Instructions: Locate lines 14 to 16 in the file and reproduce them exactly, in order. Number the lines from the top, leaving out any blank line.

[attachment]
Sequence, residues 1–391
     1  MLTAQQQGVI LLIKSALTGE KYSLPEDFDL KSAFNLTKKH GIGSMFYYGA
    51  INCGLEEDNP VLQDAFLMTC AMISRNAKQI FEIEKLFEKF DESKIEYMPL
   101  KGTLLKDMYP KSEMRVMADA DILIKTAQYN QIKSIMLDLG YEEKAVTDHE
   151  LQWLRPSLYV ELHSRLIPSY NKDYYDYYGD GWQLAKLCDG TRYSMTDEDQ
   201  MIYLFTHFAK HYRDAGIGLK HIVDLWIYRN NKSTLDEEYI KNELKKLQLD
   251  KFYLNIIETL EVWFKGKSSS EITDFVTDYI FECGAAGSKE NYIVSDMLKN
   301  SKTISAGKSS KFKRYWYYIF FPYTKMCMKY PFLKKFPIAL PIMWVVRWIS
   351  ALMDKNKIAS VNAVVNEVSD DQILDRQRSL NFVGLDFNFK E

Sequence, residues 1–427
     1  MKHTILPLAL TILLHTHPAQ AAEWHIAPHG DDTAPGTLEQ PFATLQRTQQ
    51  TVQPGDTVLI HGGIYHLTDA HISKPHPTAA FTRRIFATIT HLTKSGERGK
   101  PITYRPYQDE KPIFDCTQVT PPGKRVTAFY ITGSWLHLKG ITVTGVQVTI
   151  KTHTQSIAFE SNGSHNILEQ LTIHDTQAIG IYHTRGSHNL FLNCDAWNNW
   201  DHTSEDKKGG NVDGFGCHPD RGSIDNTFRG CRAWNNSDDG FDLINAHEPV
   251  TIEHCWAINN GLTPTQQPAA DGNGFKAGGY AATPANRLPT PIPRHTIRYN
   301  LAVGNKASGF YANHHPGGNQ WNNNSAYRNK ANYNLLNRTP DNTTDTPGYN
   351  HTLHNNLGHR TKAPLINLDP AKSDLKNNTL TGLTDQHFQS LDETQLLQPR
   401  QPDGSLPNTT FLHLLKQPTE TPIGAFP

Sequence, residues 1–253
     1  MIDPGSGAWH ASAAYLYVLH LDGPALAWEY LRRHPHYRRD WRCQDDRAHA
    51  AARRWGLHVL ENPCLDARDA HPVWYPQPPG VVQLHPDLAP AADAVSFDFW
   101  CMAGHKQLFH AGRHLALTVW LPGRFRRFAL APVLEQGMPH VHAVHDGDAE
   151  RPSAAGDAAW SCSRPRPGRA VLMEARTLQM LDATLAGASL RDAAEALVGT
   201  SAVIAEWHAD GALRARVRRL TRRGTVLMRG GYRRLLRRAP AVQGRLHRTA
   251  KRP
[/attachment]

   151  KTHTQSIAFE SNGSHNILEQ LTIHDTQAIG IYHTRGSHNL FLNCDAWNNW
   201  DHTSEDKKGG NVDGFGCHPD RGSIDNTFRG CRAWNNSDDG FDLINAHEPV
   251  TIEHCWAINN GLTPTQQPAA DGNGFKAGGY AATPANRLPT PIPRHTIRYN